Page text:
What the latest Facebook changes mean for social media managers
The social network tweaked its timeline design. Here’s what the people who manage Facebook pages for brands need to know to prepare.
Facebook is tweaking its timeline design, and changes are rolling out already for personal pages. That means brand managers should start preparing, because it’s likely the changes will also take effect for company pages.
Last month, ABC was the first to report
on these changes, which at the time were only hypothetical. A Facebook spokesperson told the news outlet the changes aimed to “make navigating timeline even easier.”
Most of the changes are minor design tweaks, and will likely improve the experience:
On your page, posts will appear in a single column on the left, rather than being divided across two columns.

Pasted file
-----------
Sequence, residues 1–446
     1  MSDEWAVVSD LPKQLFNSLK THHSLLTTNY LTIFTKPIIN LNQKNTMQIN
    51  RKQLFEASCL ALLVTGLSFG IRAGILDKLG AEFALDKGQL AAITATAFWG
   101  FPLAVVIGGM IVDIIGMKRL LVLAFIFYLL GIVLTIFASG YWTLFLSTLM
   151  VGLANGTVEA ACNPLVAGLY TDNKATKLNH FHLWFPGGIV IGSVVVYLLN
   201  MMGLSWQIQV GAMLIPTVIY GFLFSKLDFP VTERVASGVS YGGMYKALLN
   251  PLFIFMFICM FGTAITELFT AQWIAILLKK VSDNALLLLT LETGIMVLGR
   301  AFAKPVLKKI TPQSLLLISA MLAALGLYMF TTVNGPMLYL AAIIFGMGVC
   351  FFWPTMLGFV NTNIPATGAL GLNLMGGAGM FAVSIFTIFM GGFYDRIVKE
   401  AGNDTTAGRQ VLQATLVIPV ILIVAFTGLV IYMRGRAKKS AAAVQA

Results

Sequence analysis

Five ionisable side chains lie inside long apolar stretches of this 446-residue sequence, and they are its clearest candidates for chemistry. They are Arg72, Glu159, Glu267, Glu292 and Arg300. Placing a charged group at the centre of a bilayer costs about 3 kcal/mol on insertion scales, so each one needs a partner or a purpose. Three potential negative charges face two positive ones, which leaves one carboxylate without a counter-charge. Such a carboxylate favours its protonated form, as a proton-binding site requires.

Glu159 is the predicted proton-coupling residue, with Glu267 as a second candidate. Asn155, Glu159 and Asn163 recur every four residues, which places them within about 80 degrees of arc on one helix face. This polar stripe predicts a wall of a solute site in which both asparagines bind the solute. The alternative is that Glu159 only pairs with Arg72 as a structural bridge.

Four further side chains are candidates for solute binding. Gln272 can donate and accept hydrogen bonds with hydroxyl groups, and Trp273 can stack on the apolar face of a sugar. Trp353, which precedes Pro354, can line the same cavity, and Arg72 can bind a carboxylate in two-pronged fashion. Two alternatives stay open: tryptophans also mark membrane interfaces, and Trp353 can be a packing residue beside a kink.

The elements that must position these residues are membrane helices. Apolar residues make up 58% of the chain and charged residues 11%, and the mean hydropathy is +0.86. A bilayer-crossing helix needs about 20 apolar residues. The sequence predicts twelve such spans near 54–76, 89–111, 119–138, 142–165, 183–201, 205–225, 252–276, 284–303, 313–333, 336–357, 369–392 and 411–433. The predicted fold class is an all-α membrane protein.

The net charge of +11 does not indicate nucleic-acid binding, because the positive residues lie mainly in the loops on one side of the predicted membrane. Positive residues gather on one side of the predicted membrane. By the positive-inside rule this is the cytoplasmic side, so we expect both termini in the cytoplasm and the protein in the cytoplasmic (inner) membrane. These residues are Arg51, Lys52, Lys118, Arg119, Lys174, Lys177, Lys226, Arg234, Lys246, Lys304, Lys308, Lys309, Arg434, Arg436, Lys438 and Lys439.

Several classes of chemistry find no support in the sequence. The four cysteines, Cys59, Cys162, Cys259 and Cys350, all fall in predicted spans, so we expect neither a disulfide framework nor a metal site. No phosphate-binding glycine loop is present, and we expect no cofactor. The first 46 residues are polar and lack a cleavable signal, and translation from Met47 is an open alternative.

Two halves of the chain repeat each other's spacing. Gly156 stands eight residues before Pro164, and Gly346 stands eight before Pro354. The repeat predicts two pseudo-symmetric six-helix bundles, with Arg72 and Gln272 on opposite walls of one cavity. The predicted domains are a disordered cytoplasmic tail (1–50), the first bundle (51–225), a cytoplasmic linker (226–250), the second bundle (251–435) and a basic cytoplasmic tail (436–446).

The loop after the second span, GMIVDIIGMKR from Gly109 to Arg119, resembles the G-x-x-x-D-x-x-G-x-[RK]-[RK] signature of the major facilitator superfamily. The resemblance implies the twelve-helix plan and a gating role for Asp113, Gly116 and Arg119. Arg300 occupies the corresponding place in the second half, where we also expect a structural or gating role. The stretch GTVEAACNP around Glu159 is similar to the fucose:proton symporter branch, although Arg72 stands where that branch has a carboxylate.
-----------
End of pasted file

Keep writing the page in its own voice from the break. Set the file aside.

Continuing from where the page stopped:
The features below the cover photo are decreasing in size and will no longer feature a photo—your design department will be ecstatic about not having to make tiny icons for each seldom clicked tab.
In initial designs, your name overlays the cover photo, which will allow for some interesting cover photo design choices to incorporate the name.
The right side of the page can be reordered, so maps, friends and photos can move around as you see fit. Since there’s not a huge emphasis put on this part of the page for brands, I’m not sure this will be hugely revolutionary.
For personal pages, “subscribers” will now be called “followers.” (Sound familiar, Twitter users?) No word on whether this will mean your “fans” will now be known as your “followers.”
Facebook tab engagement plummeted
in the wake of the timeline launch, and it looks as though that trend will continue, because it’s not immediately evident where they’ll live for brand pages. Facebook’s de-emphasizing of tabs means that smart page managers should push back when clients proclaim they want a tab.
Popularity: This record has been viewed 8008 times.
Ragan.com moderates comments and reserves the right to remove posts that are abusive or otherwise inappropriate.